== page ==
An iterative process is incremental because we don't simply rework the same requirements in successive iterations, but address more and more requirements in successive iterations. Likewise, activities may occur in parallel within a single iteration when they focus on different parts of the system and don't conflict. Therefore, an iterative approach involves a series of iterations wherein the system is developed incrementally. Even though such an approach is often known as iterative and incremental, it is actually iterative, incremental, and parallel. Because such an approach gradually develops a system through successive refinement and incrementally increasing detail, we are better able to determine the appropriate level of completeness of our UML models than within a waterfall approach. For example, if we have a question or concern that needs to be addressed, and if we are unable to readily use our UML models to address that concern, perhaps we need to elaborate them further; otherwise, we can proceed without spending more time and effort elaborating our UML models.
With such a dynamic approach in which activities within iterations occur in parallel and a system is constructed incrementally, how do we keep our activities organized and driven to satisfy the requirements? How do we maintain focus on the system and avoid constructing a system that may be difficult to maintain and enhance because it is simply a collection of parts glued together without some overarching scheme? What requirements do we address first, and what pieces of the system do we implement first? Answering these questions is where use cases, architecture, and risk management are critical within an iterative approach.
A use case is a functional requirement described from the perspective of the users of a system. For example, functional requirements for most systems include security functionality allowing users to log in and out of the system, input data, process data, generate reports, and so forth. Use cases are the subject of Chapter 4.
A use-case driven process is one wherein we are able to use use cases to plan and perform iterations. This allows us to organize our activities and focus on implementing the requirements of a system. That is, we capture and analyze use cases, design and implement a system to satisfy them, test and deploy the system, and plan future iterations. Therefore, use cases are the glue between all the activities within an iteration.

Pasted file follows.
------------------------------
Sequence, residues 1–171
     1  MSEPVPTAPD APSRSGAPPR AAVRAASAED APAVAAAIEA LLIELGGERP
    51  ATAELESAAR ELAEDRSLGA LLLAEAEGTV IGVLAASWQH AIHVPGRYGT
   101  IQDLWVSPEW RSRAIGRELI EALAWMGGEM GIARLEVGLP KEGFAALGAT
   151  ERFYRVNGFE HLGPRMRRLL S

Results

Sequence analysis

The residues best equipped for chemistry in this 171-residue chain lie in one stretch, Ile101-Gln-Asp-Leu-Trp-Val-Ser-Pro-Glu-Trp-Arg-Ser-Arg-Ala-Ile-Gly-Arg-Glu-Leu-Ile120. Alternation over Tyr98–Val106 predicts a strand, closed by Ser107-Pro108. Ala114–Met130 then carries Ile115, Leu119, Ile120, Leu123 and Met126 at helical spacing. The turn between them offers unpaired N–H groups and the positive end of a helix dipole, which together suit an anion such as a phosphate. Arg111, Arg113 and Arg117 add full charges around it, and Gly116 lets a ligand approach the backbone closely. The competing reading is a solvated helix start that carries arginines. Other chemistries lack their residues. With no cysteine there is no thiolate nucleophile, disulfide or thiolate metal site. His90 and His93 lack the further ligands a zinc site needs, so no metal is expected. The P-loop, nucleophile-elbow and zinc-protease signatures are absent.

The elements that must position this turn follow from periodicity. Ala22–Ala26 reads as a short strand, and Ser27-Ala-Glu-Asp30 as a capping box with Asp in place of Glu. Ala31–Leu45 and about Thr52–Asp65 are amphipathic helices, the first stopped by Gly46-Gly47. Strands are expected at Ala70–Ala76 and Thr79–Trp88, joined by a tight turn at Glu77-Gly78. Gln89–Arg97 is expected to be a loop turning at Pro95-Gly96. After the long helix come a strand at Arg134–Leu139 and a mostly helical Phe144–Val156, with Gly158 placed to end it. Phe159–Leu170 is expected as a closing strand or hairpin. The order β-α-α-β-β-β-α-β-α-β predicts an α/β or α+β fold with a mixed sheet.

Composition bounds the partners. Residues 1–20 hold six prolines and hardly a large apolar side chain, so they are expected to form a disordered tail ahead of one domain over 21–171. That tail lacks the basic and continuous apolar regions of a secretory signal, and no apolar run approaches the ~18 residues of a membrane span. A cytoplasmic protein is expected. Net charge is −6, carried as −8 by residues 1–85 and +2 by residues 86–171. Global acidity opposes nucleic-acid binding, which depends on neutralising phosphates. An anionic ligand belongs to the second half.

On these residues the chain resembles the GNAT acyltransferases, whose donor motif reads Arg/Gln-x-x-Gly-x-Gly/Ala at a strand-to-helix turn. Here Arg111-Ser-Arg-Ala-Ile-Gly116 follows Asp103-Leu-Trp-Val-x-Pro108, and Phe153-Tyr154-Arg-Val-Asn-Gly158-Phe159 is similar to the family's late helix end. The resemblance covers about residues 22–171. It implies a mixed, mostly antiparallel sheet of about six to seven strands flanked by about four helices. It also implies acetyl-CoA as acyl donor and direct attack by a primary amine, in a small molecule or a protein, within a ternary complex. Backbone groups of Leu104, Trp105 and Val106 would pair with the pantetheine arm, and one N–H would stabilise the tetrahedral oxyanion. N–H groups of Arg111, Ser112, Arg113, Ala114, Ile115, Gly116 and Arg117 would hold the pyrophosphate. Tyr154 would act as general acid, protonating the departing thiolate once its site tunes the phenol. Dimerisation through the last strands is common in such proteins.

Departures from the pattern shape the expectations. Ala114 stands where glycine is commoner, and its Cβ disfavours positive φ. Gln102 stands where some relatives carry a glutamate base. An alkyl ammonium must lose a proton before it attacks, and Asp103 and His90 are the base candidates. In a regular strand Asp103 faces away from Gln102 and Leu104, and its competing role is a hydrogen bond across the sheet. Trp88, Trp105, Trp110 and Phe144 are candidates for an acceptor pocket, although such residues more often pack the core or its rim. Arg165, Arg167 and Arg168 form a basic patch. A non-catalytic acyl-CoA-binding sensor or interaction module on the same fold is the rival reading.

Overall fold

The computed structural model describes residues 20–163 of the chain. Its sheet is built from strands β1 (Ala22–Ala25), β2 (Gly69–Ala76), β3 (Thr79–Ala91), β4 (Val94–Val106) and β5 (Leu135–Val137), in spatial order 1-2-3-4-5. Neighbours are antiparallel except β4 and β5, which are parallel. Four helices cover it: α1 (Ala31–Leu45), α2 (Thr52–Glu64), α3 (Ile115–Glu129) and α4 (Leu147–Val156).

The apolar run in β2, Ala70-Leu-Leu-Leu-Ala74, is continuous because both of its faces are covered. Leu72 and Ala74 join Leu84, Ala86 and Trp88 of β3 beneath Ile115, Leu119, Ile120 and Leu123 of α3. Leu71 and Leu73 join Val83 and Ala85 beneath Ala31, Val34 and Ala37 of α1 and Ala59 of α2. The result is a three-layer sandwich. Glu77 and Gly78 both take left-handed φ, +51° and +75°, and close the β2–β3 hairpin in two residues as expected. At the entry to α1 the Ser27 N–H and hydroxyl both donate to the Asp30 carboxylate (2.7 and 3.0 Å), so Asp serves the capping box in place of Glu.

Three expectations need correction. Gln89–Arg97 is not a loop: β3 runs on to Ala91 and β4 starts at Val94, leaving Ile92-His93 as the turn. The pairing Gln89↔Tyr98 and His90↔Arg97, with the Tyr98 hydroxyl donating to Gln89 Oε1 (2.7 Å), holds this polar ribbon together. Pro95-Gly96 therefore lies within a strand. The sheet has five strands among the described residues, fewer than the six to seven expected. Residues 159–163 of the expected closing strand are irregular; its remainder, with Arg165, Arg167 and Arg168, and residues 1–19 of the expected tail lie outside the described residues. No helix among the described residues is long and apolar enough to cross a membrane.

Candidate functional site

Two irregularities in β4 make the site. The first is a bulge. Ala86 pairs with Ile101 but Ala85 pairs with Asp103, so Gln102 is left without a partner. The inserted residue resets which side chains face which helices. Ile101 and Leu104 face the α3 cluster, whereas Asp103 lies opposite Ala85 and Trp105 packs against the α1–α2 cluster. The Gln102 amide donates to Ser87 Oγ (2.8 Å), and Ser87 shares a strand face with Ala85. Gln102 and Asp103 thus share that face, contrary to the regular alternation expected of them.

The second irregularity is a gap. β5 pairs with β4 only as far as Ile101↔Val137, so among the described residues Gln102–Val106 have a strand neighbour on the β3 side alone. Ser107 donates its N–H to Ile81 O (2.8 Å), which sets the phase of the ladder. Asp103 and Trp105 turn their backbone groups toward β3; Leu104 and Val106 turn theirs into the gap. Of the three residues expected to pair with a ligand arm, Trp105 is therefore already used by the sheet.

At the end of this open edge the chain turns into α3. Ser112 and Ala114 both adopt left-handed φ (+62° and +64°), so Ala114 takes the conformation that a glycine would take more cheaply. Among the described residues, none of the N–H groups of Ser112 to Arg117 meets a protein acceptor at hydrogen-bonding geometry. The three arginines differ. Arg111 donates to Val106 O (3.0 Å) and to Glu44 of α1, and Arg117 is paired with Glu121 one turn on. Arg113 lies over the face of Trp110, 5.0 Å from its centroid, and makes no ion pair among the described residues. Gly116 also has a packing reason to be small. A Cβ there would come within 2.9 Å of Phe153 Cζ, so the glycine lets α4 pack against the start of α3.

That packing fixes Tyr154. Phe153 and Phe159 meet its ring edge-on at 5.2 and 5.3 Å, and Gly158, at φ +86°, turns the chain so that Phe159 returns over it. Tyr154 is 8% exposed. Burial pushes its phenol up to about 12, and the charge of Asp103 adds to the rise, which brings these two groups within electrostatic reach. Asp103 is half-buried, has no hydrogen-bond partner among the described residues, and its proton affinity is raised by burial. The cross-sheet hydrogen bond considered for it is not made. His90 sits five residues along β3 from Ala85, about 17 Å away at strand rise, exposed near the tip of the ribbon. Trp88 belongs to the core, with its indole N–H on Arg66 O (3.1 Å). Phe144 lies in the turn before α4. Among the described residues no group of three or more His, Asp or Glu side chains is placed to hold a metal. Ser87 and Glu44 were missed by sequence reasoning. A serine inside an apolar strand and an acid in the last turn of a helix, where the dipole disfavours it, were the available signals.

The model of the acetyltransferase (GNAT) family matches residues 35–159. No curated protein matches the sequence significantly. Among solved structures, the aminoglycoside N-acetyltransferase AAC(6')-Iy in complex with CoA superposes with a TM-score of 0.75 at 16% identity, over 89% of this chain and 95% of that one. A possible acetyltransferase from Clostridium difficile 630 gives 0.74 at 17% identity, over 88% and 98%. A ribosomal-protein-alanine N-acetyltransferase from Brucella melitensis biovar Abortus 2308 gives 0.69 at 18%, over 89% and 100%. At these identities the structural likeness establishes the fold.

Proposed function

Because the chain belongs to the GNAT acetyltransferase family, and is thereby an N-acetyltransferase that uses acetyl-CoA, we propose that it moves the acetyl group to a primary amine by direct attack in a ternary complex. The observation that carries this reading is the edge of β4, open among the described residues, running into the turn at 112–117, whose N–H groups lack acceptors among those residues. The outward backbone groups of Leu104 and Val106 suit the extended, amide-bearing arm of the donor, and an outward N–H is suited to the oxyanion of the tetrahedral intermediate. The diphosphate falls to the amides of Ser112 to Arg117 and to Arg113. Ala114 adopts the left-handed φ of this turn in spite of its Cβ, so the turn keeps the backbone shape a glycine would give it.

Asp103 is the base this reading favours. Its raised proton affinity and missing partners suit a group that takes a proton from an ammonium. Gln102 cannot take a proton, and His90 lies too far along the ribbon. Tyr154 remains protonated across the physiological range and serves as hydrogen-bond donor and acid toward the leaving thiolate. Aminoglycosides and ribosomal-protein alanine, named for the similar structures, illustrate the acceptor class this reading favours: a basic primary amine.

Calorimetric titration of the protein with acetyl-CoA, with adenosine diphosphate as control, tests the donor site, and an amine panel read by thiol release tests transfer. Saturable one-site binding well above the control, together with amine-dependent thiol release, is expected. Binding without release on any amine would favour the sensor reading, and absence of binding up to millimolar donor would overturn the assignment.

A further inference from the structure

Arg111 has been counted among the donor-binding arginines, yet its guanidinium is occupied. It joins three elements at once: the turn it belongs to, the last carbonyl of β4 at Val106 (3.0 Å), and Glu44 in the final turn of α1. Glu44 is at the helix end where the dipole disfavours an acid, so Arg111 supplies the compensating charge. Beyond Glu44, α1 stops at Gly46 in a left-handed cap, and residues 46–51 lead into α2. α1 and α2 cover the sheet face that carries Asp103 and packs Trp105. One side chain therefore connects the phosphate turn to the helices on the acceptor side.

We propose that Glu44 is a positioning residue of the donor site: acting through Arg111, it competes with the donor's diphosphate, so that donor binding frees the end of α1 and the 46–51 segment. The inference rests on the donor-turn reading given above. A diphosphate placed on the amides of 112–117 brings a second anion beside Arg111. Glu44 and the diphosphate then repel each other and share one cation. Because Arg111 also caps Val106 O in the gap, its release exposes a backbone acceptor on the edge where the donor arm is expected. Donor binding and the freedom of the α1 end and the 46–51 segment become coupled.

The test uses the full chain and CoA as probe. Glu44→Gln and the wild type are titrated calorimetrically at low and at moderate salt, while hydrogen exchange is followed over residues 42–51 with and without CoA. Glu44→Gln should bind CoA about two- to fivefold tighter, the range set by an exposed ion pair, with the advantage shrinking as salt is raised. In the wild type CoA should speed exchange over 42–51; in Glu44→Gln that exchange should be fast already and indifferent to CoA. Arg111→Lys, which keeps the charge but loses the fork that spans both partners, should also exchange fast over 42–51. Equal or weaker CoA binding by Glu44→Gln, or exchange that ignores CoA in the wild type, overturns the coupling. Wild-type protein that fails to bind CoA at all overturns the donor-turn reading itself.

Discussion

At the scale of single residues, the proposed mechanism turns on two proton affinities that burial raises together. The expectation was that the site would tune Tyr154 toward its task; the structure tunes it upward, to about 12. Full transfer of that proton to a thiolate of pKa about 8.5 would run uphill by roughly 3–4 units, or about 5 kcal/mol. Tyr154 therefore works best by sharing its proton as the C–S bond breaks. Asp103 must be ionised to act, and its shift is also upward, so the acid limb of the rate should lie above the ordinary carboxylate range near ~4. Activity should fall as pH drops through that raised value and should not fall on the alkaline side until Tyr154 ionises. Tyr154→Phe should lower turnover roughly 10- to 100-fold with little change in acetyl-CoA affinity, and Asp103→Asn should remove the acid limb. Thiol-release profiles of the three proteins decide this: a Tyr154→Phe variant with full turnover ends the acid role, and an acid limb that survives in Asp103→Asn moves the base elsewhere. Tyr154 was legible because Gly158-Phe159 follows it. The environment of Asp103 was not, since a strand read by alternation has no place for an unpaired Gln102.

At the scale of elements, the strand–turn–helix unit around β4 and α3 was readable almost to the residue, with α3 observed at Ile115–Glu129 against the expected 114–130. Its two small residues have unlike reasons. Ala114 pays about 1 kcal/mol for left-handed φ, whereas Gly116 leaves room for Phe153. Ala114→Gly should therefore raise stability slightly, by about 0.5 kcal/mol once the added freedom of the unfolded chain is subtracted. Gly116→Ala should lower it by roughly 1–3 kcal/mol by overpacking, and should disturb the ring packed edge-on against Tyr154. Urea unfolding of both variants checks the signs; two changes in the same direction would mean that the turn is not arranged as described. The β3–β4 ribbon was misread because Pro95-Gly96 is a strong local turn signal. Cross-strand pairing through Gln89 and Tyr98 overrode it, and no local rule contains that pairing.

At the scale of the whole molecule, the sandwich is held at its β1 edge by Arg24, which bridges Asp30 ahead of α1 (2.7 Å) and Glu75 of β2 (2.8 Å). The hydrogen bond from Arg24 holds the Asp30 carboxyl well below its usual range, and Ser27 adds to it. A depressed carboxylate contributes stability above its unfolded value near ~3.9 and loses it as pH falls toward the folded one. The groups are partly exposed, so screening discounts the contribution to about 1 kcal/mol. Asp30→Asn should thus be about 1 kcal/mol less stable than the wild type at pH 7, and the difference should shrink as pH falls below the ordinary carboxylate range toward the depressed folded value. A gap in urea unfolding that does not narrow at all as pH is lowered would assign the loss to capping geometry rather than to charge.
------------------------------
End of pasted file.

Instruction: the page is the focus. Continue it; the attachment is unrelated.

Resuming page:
Architecture encompasses the elements making up a system and the manner in which they work together to provide the functionality of the system. For example, most systems include elements for handling security functionality, inputting and processing data, generating reports, and so forth. The elements and their relationships are known as the system's structure. Modeling a system's structure is known as structural modeling. Structural modeling is the subject of Part II. The elements and how they interact and collaborate is known as the system's behavior. Modeling a system's behavior is known as behavioral modeling. Behavioral modeling is the subject of Part III. The different types of elements that constitute a system's architecture, both structure and behavior, are determined by the object-oriented paradigm. The principles and concepts of the object-oriented paradigm are the subject of Chapter 2.
An architecture-centric process focuses on the architecture of a system across iterations. This allows us to better ensure that the resulting system is not a hodgepodge of elements that may be difficult to integrate, maintain, and enhance. Therefore, architecture is the glue between all the elements that make up the system as the system is incrementally developed across iterations.
A risk is any obstacle or unknown that may hinder our success. For example, when developing a system, risks include such things as insufficient funding, untrained team members with critical responsibilities, and unstable technologies.
To determine what use cases ought to drive an iteration and what parts of the architecture to focus on in the iteration, we first identify project risks. We then address those use cases that confront the highest risks and those elements of the architecture that, when built, resolve the highest risks. Such an approach is often known as risk confronting.
Consider once again the project that involves generating 10 different types of reports. Say that three reports (perhaps R1, R3, and R5) require significant database access, and that four reports (perhaps R3, R6, R8, and R10) require significant user input. Perhaps there are two risks: the risk of not having an intuitive user interface (named X1) and the risk of having an inefficient database management system (named X2). From these descriptions, we know that R1, R3, and R5 are associated with risk X1, and that R3, R6, R8, and R10 are associated with X2. If X1 is more critical to our project, and has a higher possibility of occurring or a higher impact on the project, we would address R1, R3, and R5 or as many of their requirements as possible first, because they confront risk X1. If X2 is more critical to our project, and has a higher possibility of occurring or a higher impact on the project, we would address R3, R6, R8, and R10 or as many of their requirements as possible first because they confront risk X2. However, in either case, we ought to target R3 first, because it addresses both risks.
The UML provides structural and behavioral modeling techniques that may be used in a step-wise process that is driven by requirements, focuses on developing an architecturally sound system that satisfies the requirements, and enables you to confront risks throughout the system-development process.